What would we do without moments when inspiration strikes like cloud to ground lightening? I've had a copy of Memoirs of a Geisha on my shelf for, well, since author Arthur Golden was the keynote at a National Writers Workshop some years ago. I hadn't read the book and stuffed it into my bag. While waiting for the train (what else is there in life these days), I pulled it out, and as I sometimes do, turned to any page. Here's what I read on a dreary February morning. In Chapter 9, the protagonist is musing about a moth, really about her mother, who along with her father has died. She realizes she has felt dead, too, but that she's not—she's alive. " … I felt as though I'd turned around to look in a different direction, so that I no longer faced backward toward the past but forward toward the future." She wonders what the future will be. Suddenly, she realizes she will receive a sign, as a result of a man in a dream who tells her: "Watch for the thing that will show itself to you. Because that thing, when you find it, will be your future." The scene was so elegantly framed, the scenario so finely drawn, it was finding a Rembrandt in the attic and feasting on the wonderful placement of light.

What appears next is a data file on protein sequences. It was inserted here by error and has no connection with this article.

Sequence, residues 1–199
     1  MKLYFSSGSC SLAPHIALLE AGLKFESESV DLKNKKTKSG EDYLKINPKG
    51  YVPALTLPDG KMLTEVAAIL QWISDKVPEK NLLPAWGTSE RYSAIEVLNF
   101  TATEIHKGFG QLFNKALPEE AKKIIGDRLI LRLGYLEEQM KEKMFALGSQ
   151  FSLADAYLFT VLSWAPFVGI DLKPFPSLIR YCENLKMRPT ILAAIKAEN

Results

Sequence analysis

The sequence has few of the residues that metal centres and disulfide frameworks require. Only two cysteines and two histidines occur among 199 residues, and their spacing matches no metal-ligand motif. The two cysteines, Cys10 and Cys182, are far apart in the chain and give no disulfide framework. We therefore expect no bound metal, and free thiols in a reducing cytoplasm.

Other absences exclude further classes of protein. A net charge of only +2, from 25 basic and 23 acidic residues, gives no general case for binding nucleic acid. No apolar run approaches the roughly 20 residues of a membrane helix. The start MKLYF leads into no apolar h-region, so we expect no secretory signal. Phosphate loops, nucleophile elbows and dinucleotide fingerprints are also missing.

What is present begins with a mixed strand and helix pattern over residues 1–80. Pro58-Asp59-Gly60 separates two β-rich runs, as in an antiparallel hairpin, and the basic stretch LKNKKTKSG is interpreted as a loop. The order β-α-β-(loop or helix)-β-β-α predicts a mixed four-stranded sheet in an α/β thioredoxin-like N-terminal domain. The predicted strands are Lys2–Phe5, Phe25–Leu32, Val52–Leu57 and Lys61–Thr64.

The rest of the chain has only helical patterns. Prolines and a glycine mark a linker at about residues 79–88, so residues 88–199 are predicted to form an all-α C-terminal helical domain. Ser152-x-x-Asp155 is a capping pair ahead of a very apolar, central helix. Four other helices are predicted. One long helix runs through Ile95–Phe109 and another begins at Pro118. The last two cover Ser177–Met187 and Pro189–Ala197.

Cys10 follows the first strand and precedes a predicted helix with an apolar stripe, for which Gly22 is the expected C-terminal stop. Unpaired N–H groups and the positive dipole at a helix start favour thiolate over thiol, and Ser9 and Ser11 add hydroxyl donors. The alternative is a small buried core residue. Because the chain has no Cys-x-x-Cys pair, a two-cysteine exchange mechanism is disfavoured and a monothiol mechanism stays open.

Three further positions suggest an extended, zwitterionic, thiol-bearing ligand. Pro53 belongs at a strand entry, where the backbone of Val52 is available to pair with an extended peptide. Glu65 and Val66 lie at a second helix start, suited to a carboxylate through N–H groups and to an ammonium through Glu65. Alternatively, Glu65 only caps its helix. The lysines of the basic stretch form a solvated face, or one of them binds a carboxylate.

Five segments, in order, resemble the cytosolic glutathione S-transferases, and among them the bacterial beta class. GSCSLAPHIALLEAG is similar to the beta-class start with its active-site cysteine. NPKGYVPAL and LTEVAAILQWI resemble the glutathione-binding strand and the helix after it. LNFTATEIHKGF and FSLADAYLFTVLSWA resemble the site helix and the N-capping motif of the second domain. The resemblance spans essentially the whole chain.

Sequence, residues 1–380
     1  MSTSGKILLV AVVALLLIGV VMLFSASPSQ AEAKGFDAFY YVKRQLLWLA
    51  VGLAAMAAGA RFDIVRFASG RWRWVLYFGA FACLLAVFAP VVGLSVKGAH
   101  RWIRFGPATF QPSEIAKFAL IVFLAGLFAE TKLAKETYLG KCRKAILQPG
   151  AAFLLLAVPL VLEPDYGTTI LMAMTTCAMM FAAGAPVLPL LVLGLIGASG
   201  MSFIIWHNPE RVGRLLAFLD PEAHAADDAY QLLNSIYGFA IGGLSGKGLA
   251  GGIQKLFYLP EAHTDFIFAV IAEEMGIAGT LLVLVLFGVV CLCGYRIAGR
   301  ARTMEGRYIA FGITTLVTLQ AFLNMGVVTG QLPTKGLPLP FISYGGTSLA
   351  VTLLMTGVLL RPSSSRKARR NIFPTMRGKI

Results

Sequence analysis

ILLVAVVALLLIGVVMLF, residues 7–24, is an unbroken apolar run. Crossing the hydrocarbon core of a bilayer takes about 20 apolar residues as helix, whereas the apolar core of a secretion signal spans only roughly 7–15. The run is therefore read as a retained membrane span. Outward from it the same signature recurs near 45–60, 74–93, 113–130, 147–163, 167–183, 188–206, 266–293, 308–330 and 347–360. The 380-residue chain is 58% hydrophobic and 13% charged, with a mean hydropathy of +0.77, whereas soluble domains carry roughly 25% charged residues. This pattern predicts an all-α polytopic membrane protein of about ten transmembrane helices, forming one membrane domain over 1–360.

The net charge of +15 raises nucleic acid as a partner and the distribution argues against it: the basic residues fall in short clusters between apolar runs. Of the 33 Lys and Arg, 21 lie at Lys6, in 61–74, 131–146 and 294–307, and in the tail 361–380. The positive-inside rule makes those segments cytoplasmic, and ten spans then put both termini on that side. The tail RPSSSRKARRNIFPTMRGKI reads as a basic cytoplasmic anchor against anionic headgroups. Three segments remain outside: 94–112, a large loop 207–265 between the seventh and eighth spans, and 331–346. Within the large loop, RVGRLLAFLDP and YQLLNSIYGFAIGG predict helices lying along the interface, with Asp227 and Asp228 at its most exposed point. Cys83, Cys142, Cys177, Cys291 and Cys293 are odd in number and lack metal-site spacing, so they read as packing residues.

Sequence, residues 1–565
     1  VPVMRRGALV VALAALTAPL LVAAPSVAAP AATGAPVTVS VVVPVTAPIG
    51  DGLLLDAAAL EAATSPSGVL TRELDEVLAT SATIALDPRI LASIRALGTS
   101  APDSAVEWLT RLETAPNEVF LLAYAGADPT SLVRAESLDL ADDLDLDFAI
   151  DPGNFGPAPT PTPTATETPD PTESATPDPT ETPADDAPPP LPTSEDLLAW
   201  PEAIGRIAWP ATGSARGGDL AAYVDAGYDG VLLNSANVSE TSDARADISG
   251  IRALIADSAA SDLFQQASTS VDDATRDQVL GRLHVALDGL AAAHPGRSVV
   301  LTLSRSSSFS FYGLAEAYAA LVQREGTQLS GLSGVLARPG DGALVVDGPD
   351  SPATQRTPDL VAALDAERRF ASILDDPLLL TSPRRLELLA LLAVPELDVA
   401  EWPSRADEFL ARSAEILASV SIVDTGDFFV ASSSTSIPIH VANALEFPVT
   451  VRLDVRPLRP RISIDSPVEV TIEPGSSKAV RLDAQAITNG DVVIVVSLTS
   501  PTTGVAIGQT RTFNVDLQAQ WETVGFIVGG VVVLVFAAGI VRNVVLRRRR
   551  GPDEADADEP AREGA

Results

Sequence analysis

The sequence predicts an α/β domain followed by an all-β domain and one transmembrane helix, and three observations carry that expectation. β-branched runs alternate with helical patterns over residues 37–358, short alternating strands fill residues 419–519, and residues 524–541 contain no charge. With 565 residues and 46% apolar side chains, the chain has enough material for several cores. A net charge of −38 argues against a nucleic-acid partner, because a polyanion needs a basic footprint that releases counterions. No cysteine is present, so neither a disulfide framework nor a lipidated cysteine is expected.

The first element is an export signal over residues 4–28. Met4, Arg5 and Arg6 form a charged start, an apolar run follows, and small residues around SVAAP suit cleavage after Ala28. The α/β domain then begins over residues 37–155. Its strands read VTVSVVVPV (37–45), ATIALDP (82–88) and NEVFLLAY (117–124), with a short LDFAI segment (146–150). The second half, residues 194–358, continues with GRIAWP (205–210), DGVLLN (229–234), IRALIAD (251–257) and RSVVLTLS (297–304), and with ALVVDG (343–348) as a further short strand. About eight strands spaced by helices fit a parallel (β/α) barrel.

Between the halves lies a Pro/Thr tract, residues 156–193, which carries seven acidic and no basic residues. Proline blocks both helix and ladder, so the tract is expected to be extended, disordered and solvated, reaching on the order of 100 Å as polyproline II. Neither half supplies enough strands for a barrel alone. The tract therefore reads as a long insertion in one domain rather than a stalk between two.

To put today's musing into inaction, see the tip at the top of the list. As always, let us know how it goes.